Critical Junctures presented a discussion on the Capitol raid and hate groups. - Photo via

On Monday, Feb. 15, Rowan University’s College of Humanities and Social Sciences hosted “The Proud Boys, the Global Far Right, and the Ramifications of the Attack on the Capitol,” a virtual lecture. The lecture lasted for one hour and was followed by a short question and answer session for students.

The talk was part of the international studies lecture series known as Critical Junctures. The featured speaker was Dr. Alexandra Minna Stern from the University of Michigan. Stern is the author of “Proud Boys and the White Ethnostate: How the Alt-Right is Warping the American Imagination.”

Attendees were able to learn about the key beliefs of far-right groups, the rise of these groups globally and what this rise means.

In 2019, the Southern Poverty Law Center tracked 940 hate groups in the United States. The rise of far-right groups in Europe is significant, specifically in Poland and Hungary.

“The far-right has been on the rise for the past two decades,” Stern said.

The effects of this can be seen in the attack on the Capitol on Jan. 6, where numerous alt-right flags appeared.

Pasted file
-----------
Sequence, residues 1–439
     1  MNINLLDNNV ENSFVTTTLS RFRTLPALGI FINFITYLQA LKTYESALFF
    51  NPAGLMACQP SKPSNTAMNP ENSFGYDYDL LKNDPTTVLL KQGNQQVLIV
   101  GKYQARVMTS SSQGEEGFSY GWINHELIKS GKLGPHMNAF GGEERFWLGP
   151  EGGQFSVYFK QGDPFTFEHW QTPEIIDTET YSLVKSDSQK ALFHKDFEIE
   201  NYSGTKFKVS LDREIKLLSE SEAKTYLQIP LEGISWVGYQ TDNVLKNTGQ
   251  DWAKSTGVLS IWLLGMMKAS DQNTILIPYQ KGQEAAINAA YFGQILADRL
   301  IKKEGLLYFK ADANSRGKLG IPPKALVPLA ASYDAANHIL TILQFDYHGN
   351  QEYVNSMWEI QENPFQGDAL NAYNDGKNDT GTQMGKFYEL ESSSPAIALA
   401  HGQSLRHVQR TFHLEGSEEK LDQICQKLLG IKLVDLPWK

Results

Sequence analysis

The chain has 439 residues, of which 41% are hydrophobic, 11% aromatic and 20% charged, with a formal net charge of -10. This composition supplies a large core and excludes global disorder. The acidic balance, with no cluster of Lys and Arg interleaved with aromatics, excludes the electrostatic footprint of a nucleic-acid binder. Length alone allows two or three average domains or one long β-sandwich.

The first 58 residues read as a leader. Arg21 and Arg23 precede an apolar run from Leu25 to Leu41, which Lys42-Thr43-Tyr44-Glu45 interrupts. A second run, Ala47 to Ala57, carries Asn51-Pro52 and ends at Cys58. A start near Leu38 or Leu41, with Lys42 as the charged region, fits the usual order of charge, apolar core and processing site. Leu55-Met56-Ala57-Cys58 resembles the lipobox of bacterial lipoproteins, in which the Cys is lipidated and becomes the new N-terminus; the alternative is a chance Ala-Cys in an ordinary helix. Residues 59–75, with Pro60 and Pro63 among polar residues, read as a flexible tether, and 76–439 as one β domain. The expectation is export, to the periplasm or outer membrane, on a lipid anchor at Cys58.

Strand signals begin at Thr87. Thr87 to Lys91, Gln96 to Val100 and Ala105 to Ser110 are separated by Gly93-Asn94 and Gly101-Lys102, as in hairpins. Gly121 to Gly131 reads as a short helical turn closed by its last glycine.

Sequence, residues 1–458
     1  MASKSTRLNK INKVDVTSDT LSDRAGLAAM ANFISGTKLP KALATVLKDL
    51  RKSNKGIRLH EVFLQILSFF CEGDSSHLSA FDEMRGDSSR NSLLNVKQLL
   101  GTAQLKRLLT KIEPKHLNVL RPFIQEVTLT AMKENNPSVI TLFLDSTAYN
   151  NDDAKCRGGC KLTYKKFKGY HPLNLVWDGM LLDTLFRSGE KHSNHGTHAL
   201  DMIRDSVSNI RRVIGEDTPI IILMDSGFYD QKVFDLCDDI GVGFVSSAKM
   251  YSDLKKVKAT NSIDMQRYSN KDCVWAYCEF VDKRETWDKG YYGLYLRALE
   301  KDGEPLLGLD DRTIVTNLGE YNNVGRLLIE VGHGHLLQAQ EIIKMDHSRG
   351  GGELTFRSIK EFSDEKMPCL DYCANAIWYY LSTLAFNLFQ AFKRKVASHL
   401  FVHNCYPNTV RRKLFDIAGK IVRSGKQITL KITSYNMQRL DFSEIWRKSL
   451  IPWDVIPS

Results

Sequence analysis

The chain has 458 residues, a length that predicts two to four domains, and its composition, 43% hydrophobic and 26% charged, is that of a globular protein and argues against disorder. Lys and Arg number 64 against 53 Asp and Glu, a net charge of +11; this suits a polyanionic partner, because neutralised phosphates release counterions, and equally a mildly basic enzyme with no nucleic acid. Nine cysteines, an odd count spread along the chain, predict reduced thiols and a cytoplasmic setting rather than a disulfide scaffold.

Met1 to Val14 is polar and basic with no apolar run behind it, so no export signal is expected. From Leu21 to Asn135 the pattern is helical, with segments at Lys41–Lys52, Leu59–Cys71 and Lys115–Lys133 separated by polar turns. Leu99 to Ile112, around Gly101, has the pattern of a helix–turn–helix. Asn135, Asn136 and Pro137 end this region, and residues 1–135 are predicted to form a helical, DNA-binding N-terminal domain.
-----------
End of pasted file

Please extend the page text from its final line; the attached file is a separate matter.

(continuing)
“What you saw at the Capitol insurrection was, in many ways, a hodgepodge of images from those who were carrying pretty obvious Trump flags, as well as flags and images that hearken back to the late 18th century, 1776, the Three Percenters and the Proud Boys. It really captured what the rowdy far-right looks like in the United States today,” Stern said.

Key beliefs of these groups include nationalism, antisemitism and Islamophobia. However, social media is adding a new element to these groups. The use of social media has mainstreamed far-right culture. Today, these alt-right groups are a mix of in-person organizations and social media groups. 

“It’s not just a platform for exchanging information; it’s a place where they can meet other like-minded people and engage in building community,” Stern said.

With the de-platforming of some far-right users, many far-right groups are leaning toward other forms of social media, such as Parler, to share their ideas. Parler is an app similar to Twitter that boasts free speech, no matter what content someone is creating. Many far-right groups have taken to Parler after Facebook, Twitter and Instagram have started heavily monitoring and deleting content on their platforms.

During this event, it was noted that a large component that factors into these groups is conspiracy theories, which have only increased with the start of the COVID-19 pandemic and the restrictions put in place to combat the virus. 

“Misinformation, conspiracy theories — like QAnon and Pizzagate — and the COVID situation have really provided a fertile environment for these types of groups, and for their expansion,” Stern said. “Looking ahead, what I do see, and this is something that we saw on Jan. 6… is para-militarization, really a militarization of these groups.”

Stern also said that under the Biden administration, there will be more attention to domestic extremism and terrorism.

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